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Spokane, Washington  Est. May 19, 1883
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100 years ago in Spokane: Oath of allegiance demanded of local teachers

Every teacher in the city was required to sign an oath of loyalty, as ordered by the superintendent. (Spokesman-Review archives)
Every teacher in the city was required to sign an oath of loyalty, as ordered by the superintendent. (Spokesman-Review archives)

The Spokane school superintendent said every teacher in the city schools must sign an oath of allegiance to the U.S. in front of a notary public.

If teachers failed to comply, they would not be given a contract. The superintendent’s secretary had been commissioned as a notary, to speed up the process.

From the shipbuilding beat: Henry L. Scholl, of Spokane, applied for a patent for his method of building a concrete ship quickly. He claimed to have invented a form that can be built in one day.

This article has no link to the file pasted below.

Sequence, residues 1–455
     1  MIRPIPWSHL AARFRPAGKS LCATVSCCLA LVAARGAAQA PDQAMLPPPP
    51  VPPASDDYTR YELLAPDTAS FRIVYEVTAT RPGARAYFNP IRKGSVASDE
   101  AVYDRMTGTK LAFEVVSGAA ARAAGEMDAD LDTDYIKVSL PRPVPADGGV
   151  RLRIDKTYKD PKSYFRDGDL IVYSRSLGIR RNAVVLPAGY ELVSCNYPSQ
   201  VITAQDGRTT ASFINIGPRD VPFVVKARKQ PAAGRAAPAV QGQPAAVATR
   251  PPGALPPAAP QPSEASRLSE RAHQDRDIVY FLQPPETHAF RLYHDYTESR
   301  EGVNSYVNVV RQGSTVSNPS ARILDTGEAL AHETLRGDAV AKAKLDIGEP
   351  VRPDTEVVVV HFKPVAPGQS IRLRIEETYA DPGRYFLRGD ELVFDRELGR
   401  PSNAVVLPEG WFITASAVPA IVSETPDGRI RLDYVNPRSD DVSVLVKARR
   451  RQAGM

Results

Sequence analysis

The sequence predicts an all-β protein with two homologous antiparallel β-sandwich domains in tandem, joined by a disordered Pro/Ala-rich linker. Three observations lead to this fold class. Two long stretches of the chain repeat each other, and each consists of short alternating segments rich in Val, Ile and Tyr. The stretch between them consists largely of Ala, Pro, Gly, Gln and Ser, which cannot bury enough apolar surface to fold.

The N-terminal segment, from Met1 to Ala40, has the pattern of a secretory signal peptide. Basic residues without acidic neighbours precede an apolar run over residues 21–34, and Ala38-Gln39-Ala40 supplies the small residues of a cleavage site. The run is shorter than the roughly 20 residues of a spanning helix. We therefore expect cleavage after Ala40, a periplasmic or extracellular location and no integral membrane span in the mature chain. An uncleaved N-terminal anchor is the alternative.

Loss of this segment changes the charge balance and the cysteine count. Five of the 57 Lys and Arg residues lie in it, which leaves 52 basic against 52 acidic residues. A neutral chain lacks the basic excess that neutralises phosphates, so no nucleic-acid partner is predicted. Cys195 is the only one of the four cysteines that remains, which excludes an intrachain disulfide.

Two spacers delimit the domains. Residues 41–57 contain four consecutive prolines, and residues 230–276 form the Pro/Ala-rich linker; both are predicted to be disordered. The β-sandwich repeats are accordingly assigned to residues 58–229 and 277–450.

The U.S. government saw the patent and asked him and his architect to come to Washington, D.C., at once to discuss what might be an important invention during wartime.

From the international affairs beat: Spokane attorney Fred C. Robinson told a patriotic meeting that Germany was trying to spread anti-Japanese propaganda.

“We must recognize in Japan a friend of America and eradicate the German propaganda against her here,” he said. “ … Japan desires to be the United States of the orient and is prompted by the highest ideals in this wish. Germany has attempted to get a foothold in China, and Japan has tried to prevent this.”

This date in history

(From the Associated Press)

1777: During the American Revolutionary War, 16-year-old Sybil Ludington, the daughter of a militia commander in Dutchess County, New York, rode her horse into the night to alert her father’s men of the approach of British regular troops.

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